Did you book a vacation or hotel stay before the planes stopped flying, borders started closing, and everyone went into lockdown?

If you’re like me, you’ve probably got some flights, hotel bookings, or even vacation packages out there hanging in limbo.

On behalf of the travel industry, we’re asking you to please postpone your plans, don’t cancel them. When you push for a cash refund, there’s a whole chain reaction of woe with the workers who depend on tourists to survive. It’s “trickle down economics” that actually happens—but in reverse.

This short video from Latin Trails of Ecuador says it best:

One Booking, Many Workers

When you think back on your last vacation, how many locals did you directly interact with who were serving you? For a hotel stay, at a minimum it was probably a front desk clerk, restaurant servers and barkeeps, someone who cleaned the room. At a bigger place, maybe a bellman, doorman, or concierge. Then there was the driver who delivered you to the door and the manager who kept things humming. In the background were cooks, a dishwasher, and the reservations person.

Outside the hotel, if you were on some kind of tour you had another driver, a guide, more restaurant servers and cooks. Any site or museum had workers there, any park had rangers, security, and upkeep staff. If you bought anything on site there were store workers, then behind them the people who crafted the souvenir or manufactured the food or drink item. The store owner paid a landlord and probably the municipality employing office workers from what people like you spent.

If  you bought a street snack, got your shoes shined, or tipped a mariachi music band, your vacation touched more people who were in part employed by your vacation.Weaver women of Peru on the Lares adventure tour in the Andes Mountains flanking the Sacred Valley

If you take a Galapagos cruise with a company like Andando Tours or Latin Trails, the whole ship crew is working for you, but then also a whole network of people are behind the scenes on the islands and back in Quito. The airline that got you there and back home had workers too.

So what happens to all these people when travel stops? How do they keep food on the table if this goes on for months and then you ask for a refund on your deposit on top? Will the company you worked with—and their local partners—even survive? It sounds dramatic to say your single refund will put them out of business, but you can easily imagine that if eight or ten people do the same it could easily have that effect in a hurry.

The Hidden Side of a Loss of Tourism

For that thought exercise above, I only went through the most obvious people that suffer when you cancel and demand a refund instead of a credit when you just postpone the vacation. When a hotel or tour company goes out of business, it’s easy to see the immediate impact for direct employees.

What’s harder to see is the chain reaction that it sets off. There are many less visible jobs that are lost: caterers, food suppliers, maintenance workers, tourism bureau workers, taxi drivers, musicians, and flower sellers can all feel the pinch. For starters. Then it goes upstream to banks, to governments, to transportation systems.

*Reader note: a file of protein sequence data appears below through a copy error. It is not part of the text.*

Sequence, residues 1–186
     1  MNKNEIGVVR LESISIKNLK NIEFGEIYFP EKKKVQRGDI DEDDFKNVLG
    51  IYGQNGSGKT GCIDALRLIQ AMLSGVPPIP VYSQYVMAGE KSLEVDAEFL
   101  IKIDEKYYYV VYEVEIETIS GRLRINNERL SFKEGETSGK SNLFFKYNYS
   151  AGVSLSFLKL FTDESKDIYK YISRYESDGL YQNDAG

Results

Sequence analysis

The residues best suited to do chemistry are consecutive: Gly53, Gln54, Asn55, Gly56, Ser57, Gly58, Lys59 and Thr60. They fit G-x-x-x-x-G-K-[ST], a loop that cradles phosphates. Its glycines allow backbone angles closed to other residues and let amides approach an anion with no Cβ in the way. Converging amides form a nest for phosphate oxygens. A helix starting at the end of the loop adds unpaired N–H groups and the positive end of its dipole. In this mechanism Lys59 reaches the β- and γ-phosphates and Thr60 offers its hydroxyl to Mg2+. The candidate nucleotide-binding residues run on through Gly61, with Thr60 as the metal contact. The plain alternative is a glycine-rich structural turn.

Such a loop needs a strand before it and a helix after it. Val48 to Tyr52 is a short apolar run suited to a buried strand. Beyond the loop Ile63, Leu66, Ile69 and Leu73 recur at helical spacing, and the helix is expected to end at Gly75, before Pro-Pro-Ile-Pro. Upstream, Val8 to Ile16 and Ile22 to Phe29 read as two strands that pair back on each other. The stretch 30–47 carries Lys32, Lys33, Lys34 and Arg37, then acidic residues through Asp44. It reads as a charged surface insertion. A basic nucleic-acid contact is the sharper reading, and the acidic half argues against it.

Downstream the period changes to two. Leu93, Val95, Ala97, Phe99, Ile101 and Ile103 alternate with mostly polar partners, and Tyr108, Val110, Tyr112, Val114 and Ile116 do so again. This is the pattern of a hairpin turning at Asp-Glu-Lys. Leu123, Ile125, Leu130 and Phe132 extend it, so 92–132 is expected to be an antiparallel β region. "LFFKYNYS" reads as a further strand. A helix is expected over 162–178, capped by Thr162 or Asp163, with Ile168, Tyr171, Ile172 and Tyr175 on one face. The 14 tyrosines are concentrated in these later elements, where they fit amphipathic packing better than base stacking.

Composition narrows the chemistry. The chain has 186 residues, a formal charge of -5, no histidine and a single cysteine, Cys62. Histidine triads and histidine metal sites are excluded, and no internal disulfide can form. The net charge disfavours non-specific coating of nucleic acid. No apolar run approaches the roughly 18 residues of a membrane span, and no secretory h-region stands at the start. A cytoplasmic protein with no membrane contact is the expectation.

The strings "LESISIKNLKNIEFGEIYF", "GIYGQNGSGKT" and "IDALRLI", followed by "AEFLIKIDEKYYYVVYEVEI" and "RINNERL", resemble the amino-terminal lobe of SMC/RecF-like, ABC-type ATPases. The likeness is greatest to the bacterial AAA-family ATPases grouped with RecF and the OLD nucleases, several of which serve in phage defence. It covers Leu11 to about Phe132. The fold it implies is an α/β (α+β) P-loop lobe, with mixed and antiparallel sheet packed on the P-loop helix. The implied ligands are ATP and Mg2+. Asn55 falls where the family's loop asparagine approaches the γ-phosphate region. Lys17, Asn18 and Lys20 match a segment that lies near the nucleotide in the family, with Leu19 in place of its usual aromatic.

If all that is not bad enough, what about all the charitable programs these tourism companies have been supporting? The good companies routinely set aside part of their profits to help those in need or they fund local environmental programs. When the income dries up, 10% of nothing is…nothing.

Already we are receiving appeals like this from Sol y Luna Hotel in the Sacred Valley of Peru:

The principal source of funding, Hotel Sol y Luna, is temporarily closed due to the global situation. And the majority of our other sponsors and donors come from the tourism sector, one of the most affected industries in this crisis.

The children of the Sol y Luna Home are currently being cared for by tutors and volunteers, but their future is uncertain, as is that of the 200 children who are educated and cared for by the Sol y Luna Foundation. Any donation, however small, will be appreciated. Go here.

How many kids are in trouble already from programs like this that are running out of funds? What happens to charity work in a country like Peru—or Mexico’s poorest states of Oaxaca and Chiapas—if the tour companies helping the most needy go out of business? What is the environmental impact in Chile, Brazil, or Ecuador when the donor companies who support the ecotourism programs start teetering on the edge?

In places like Napo Wildlife Center, the community, the lodge, and the jungle environment are all joined at the hip. When one aspect is in trouble, they all are.

Napo Wildlife Center community

We don’t want to be preachy and it’s your money sure. We know that a wide swath of the world is suffering financially from this unprecedented health crisis. We’re hoping though, since this is Luxury Latin America, that you can let your money sit with a company for a while. If you postpone instead of cancel, the company will still be there later when we can travel again. It’s not an exaggeration to say the livelihoods of dozens or even a hundred could be impacted by your actions.

Ask for a credit, then go later. It’ll have a ripple effect impact that’s positive.

For the sake of the people who can’t speak to you right now, postpone, don’t cancel.

If you have a story to tell on this subject, please leave it in the comments!